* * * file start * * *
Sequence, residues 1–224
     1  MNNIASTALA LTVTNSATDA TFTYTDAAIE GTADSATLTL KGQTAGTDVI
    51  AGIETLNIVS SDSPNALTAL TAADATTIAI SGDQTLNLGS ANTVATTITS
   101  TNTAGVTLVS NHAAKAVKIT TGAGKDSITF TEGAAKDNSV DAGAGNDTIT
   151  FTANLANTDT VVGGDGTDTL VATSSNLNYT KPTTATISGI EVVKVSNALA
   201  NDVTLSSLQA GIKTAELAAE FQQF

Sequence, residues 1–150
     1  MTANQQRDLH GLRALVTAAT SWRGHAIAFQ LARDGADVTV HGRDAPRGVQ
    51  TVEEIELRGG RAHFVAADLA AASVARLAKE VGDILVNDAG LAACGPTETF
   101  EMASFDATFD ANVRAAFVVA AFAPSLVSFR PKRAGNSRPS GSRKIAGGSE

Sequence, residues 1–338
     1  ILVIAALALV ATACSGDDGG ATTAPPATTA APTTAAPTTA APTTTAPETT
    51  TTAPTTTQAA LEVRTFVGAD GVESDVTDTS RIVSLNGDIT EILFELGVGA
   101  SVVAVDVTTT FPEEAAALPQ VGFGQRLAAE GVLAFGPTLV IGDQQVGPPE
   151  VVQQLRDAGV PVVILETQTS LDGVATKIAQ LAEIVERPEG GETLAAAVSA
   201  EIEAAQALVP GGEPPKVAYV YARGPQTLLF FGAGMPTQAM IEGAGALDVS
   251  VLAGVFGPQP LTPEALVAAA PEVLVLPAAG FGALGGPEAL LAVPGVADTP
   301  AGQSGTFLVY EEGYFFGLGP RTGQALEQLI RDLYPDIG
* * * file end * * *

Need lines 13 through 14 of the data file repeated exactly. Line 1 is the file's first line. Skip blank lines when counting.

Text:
    51  TTAPTTTQAA LEVRTFVGAD GVESDVTDTS RIVSLNGDIT EILFELGVGA
   101  SVVAVDVTTT FPEEAAALPQ VGFGQRLAAE GVLAFGPTLV IGDQQVGPPE